There are two common misconceptions about Sleepytime Gorilla Museum, the East Bay's best Dadaist death rock band.
"The first is that we rehearse all the time," says guitarist Nils Frykdahl. "The second is that we want some LSD."
Neither turns out to be true. The cult quintet spends a recent Wednesday evening in its rehearsal space off San Pablo Avenue autographing 111 black and white publicity photos. After two years of touring the country in a 1968 bus straight out of Almost Famous, and stopping more than two hundred times, the mysterious crew decided to catch its collective breath in 2006. The band took a six-month break that ended with two rare, spectacular shows at the Oakland Metro on July 7 and 8.
Over the next couple of months, Sleepytime's musicians plan to finish recording a fourth album while a new, business-minded label called the End rereleases their critically lauded 2001 debut Grand Opening and Closing with two extra new songs.
Consequently, the End needs some public relations help. Autograph signing, though, doesn't really fit a band founded on the post-World War I Dadaist principles of silliness and nonsense. Its name comes from an actual Dadaist project where a plaque was hung on a building, proclaiming it the Sleepytime Gorilla Museum of course, nobody ever saw the exhibits. Since the band members are averse to idol worship, they sign their promo stills with poems, pictures, and errata.
"The blight will consume us all," writes 42-year-old bassist and SGM cofounder Dan Rathbun, standing bare-chested with a giant canyon buzzed through the center of his hair: a No-hawk.
"It's all Pleistocene from here on out," another promo says.
"Betsy, Wow, nice tumbler. XO," one reads. "Cape Goggles."
"On a mattress made of moose."
"Jessica, I will never forgive you, Billy."
Their levity is matched only by how seriously they go about destroying the tenets of hard rock and metal. Guitarist Frykdahl is a Cal classical music grad, class of '89. Lead vocalist and tremendous violinist Carla Kihlstedt, also known for her role in Tin Hat Trio, opted out of a post-Oberlin College career in classical music after growing up a violin prodigy. "Some of the most important lessons I learned, I learned in that world," she says.
Kihlstedt's petite 5-foot-4, 130-pound frame belies the huge pipes and terrifying violin licks she unleashed in front of 150 metal nerds at the Metro. The place reeked of body odor and booze as she ripped through the new album's "Flinch," screaming with unmatched fury before tearing into her electric violin. Behind her, two percussion sections one traditional and one experimental banged on tuned bicycle wheels and snare drums. This goes beyond mere theatrics with its white face paint and blacked-out teeth; the act jells in a way that would make a symphonic violinist envious.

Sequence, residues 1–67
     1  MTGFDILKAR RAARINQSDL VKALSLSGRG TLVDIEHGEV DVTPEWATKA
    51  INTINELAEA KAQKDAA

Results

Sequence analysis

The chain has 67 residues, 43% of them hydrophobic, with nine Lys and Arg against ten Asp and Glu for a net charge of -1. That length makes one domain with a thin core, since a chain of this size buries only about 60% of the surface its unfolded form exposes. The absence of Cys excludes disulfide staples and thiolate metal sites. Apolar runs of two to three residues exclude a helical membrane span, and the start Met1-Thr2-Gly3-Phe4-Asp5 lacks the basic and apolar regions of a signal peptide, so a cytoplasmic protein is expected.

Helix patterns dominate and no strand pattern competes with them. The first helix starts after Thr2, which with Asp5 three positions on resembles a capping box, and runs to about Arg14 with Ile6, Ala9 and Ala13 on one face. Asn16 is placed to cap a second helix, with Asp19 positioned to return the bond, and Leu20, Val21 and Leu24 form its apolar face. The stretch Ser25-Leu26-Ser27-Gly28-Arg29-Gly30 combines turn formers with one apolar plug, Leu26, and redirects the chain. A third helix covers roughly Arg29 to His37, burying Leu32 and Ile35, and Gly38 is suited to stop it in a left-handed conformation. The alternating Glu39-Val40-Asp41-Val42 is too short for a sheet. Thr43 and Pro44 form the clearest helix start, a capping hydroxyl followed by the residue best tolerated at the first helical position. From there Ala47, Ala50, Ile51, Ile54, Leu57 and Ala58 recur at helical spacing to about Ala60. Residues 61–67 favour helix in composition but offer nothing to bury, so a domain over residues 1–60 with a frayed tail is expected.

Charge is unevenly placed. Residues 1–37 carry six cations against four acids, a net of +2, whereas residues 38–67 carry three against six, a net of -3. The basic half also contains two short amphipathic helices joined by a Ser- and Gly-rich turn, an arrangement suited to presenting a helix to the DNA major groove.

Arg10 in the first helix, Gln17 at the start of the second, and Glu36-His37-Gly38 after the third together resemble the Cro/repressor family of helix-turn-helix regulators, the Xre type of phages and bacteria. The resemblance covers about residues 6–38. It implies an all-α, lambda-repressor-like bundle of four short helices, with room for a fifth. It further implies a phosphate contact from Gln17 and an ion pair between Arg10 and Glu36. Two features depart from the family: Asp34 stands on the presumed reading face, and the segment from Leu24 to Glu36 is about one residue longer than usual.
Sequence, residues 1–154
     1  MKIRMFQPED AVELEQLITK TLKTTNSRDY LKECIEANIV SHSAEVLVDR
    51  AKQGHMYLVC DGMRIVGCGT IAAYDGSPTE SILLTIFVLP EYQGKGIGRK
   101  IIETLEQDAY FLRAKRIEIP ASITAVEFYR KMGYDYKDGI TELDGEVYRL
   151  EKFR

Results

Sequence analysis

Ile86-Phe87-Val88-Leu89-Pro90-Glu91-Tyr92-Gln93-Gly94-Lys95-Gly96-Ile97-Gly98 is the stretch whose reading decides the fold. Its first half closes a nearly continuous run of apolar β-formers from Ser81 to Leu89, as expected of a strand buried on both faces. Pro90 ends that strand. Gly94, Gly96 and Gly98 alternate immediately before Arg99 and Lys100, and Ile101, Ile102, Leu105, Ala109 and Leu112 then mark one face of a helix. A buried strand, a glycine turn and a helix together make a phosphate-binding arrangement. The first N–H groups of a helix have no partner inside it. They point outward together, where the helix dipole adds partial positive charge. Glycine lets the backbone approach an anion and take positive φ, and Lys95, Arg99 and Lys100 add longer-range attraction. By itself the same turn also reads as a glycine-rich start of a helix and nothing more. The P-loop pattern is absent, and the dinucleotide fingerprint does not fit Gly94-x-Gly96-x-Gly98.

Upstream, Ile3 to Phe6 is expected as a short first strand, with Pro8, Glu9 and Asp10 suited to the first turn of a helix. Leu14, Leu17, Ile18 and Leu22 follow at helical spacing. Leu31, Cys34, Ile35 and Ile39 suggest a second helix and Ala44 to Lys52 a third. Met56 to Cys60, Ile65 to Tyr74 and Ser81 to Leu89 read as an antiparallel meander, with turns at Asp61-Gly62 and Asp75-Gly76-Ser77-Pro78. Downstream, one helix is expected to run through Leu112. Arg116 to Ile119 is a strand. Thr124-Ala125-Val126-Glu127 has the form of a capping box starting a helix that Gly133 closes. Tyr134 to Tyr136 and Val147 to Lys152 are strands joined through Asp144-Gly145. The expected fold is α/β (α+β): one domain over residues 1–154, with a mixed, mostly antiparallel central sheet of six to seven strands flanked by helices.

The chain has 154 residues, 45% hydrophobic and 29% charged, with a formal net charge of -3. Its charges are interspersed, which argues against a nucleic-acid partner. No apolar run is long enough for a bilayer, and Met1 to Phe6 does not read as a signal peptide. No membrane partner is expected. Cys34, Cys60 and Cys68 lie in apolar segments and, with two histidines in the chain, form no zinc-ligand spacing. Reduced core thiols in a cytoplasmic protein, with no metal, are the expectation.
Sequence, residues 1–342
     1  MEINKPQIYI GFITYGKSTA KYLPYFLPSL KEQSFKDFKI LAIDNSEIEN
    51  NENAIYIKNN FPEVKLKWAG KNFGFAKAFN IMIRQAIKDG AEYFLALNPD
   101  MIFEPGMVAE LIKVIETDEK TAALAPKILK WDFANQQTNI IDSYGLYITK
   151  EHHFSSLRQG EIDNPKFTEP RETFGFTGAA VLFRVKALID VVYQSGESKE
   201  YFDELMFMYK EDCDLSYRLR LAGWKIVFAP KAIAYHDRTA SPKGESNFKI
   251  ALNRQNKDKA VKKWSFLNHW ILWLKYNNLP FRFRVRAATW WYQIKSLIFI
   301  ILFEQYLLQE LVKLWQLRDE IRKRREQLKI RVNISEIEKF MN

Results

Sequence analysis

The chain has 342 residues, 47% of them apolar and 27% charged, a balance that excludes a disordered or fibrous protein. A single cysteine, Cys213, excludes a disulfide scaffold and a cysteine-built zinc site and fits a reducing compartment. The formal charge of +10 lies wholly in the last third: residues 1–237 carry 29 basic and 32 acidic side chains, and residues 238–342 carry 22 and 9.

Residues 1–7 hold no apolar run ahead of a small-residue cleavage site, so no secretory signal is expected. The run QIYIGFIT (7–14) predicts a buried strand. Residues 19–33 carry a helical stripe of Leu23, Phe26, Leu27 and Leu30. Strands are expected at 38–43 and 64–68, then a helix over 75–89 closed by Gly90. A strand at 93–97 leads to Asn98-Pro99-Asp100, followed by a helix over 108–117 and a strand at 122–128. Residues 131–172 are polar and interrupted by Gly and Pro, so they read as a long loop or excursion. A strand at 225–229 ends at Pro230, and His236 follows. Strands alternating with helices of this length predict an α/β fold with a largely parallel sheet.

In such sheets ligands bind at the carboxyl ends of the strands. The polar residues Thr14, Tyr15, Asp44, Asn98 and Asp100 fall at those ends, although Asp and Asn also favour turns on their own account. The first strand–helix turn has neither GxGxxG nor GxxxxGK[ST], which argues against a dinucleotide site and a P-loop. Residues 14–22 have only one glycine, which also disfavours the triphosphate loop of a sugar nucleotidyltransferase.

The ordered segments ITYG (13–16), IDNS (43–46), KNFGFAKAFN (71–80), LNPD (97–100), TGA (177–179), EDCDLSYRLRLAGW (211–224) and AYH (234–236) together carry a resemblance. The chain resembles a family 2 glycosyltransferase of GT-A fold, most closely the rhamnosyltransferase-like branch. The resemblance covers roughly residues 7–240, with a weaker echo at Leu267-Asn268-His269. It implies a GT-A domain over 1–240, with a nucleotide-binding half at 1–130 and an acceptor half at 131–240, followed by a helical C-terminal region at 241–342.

When asked to describe his aesthetic, drummer Michael Mellender can respond only, "It's too hard." He repeats it four times.
Indeed, the band doesn't drink or do drugs before shows because the music is too challenging. It usually features recurring motifs and thematic development, but such landmarks are buried in soundscapes of off-rhythm drumming and little flourishes. "Our only real drug is no sleep," Frykdahl says. "And you can get pretty fucked up on no sleep. You just can't mix it with anything."
For now, the musicians are up late at night working on songs. They've got eight done, but more need to be written. And the band has signed up with the End to do another CD after this one. "We started this album writing on paper as opposed to jamming. Then we come in here and push around the songs, sometimes for five hours on just one song," Frykdahl says. "I can hear them in my head at night, and sometimes that's helpful because I can think of the whole song, instead of wanting to mess around because I have my guitar in hand."
Of the album's progress, Frykdahl says, "So far it's very dark and brooding, but it's got some rocking moments in it."
Indeed the three-song sample they gave Press Play registers extremely heavy, sometimes totally dissonant, but always returning to huge percussion themes or string themes that resonate long after the screaming is gone. This isn't a band for everyone; SGM says its fans tend to be nerdy hessians, including a thirtysomething geologist from Davis who films every show.
"I wouldn't say we have an actual cult, though," Frykdahl says. "We don't feed into that and make them crazy. We're available. We talk to anyone who wants to chat."
But they're not interested in your LSD.
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